Tag Archives: Nixle

UPDATE AND CORRECTION: Alert: Nixle Replaces Code Red

NOTE: The earlier version of this story said to “dial” 888777 from your mobile phone. You should TEXT that number to sign up. My apologies!

For the past 4 years, the Westport Police Department has used Nixle to provide traffic advisories.

Now, the WPD and Westport Fire Department have partnered with Nixle to offer a Community Notification System. Residents can sign up to receive localized emergency situation and relevant community advisories.

This system replaces the CodeRED emergency notification system in use here since 2009.

All alerts are targeted geographically, allowing residents to receive localized, relevant alerts from the Fire and Police Departments.

Nixle sends out immediate emergency notification — for instance, for flash flooding downtown. (Photo/Jacques Voris)

Nixle sends info via text, email, voice, web, and social media in an instant.

Town officials say residents and business owners should not assume your number is registered.

To sign up, dial 888777 from your mobile phone. Then text the zip code: 06880.

You can customize your alert setting by logging on to www.nixle.com, and creating a User Profile.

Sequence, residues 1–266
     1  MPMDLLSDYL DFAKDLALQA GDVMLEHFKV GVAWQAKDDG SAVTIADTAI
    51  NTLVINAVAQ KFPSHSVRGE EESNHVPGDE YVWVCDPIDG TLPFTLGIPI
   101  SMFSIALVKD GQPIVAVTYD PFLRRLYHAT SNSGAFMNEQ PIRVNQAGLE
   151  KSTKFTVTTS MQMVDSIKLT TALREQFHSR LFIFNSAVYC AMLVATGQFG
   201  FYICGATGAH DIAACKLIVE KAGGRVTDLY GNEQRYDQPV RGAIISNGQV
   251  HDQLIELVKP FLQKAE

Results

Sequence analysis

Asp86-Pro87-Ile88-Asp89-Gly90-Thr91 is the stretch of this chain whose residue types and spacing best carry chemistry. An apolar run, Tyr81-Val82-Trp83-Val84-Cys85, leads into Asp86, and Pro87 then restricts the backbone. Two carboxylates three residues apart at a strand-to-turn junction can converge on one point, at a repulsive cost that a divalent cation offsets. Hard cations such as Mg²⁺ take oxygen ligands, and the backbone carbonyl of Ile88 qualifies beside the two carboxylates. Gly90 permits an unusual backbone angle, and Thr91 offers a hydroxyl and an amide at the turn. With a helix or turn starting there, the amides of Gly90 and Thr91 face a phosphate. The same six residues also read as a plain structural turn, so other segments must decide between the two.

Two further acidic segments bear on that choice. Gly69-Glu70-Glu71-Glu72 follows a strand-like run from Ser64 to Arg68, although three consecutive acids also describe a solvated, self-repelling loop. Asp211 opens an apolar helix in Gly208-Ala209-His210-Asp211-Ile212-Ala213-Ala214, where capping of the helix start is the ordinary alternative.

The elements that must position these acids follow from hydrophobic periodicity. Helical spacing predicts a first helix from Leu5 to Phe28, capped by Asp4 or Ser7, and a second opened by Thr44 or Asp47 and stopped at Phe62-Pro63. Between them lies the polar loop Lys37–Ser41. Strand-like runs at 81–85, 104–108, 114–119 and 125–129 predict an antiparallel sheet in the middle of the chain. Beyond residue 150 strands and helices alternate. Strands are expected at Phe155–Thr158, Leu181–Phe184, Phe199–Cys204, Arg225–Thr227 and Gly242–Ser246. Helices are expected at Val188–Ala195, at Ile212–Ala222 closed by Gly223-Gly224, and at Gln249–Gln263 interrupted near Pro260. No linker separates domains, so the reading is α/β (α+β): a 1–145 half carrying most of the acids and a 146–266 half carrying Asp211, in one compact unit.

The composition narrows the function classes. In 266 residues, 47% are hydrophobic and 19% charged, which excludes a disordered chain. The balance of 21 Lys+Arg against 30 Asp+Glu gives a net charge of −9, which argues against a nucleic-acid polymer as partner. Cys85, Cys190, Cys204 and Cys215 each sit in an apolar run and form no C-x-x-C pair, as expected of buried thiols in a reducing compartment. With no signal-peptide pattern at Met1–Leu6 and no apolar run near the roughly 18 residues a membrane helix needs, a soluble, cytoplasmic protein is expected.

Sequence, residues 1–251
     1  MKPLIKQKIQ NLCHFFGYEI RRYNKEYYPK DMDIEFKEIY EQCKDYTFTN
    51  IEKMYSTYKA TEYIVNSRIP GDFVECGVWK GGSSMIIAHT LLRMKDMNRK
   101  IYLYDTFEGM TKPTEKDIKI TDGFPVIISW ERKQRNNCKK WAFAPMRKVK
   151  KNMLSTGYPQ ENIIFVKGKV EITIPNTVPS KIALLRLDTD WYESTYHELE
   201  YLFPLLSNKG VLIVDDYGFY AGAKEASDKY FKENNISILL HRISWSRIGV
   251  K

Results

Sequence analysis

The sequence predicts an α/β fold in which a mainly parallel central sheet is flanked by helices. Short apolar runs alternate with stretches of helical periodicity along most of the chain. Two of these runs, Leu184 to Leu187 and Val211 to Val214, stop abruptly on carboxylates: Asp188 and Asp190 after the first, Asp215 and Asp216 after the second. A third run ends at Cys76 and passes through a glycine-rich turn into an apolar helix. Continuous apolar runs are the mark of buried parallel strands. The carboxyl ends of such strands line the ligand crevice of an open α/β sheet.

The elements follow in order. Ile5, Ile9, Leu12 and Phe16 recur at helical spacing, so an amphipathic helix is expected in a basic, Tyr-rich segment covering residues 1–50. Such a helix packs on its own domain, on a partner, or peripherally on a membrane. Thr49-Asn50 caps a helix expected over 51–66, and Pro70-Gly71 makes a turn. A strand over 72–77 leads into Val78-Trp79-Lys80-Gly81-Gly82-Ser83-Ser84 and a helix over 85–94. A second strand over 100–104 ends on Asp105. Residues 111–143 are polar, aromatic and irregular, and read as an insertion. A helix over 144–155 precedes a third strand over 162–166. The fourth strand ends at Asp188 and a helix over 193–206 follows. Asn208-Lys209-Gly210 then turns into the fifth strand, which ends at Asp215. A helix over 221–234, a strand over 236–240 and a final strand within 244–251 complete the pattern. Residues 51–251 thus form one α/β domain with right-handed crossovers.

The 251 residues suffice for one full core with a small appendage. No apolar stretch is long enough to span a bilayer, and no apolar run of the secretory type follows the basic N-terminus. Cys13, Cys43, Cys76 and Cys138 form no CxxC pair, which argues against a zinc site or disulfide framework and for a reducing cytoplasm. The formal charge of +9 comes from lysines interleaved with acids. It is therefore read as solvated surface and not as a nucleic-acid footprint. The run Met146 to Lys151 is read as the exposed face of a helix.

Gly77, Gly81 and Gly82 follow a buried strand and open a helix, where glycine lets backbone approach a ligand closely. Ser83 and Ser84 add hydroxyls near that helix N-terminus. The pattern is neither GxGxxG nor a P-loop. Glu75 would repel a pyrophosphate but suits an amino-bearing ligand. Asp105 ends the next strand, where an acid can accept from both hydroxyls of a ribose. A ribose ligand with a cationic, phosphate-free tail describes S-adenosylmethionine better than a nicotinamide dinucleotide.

Do it today. You don’t know when the next emergency will strike.

(Hopefully not tomorrow. The last 2 Tuesdays have been brutal. Perhaps the 3rd time will be charm.)

Nixing Nixle?

At 2:47 a.m. Friday night Saturday morning, my cell phone jangled.

Normally, this indicates a genuine emergency — someone calling for bail money, say, or at least a drunk text.

It was indeed a text.  Jolted awake, I read:

WESTPORT PD:  AVOID ** Greens Farms Rd. between Clapboard Hill Rd and Morningside Dr S due to a motor vehicle accidnet.  Road will reopen at approx 8 am

Damn!  The 1st thing on Saturday’s to-do list — once I got up 4 hours later — had been to drive over to Clapboard Hill Road.  Just because, well, yeah.

I was not the only Westporter awakened by this less-than-urgent news.  Several people told me they’d received the same message.

The early morning message is on the bottom. The top one -- concerning a different incident -- came almost exacty 12 hours earlier, at 2:49 p.m.

I know, I know.  I signed up for Nixle — the Westport Police Department’s public safety system that sends phone, text and email alerts to anyone who asks.

I understand the importance of knowing a tornado is bearing down on us — even at 2:47 a.m.

It might also be good early-morning information to learn, say, there’s a pack of mountain lions bearing down on us from South Dakota.

But am I being selfish in thinking that a 2:47 a.m. accident on Clapboard Hill Road is not wake-up-the-town news?

If we can put a man on the moon*, why can’t Nixle be programmed to not contact us at certain hours that we request, about certain categories we choose?

For example, I could say, “Please send all weather updates at all times.  Please do not contact me about motor vehicle accidents between the hours of 11 p.m. and 6 a.m.”

I’m not anti-Nixle.  I opted in to the service.

If I ever wander away from my house, I’d want people to search for me.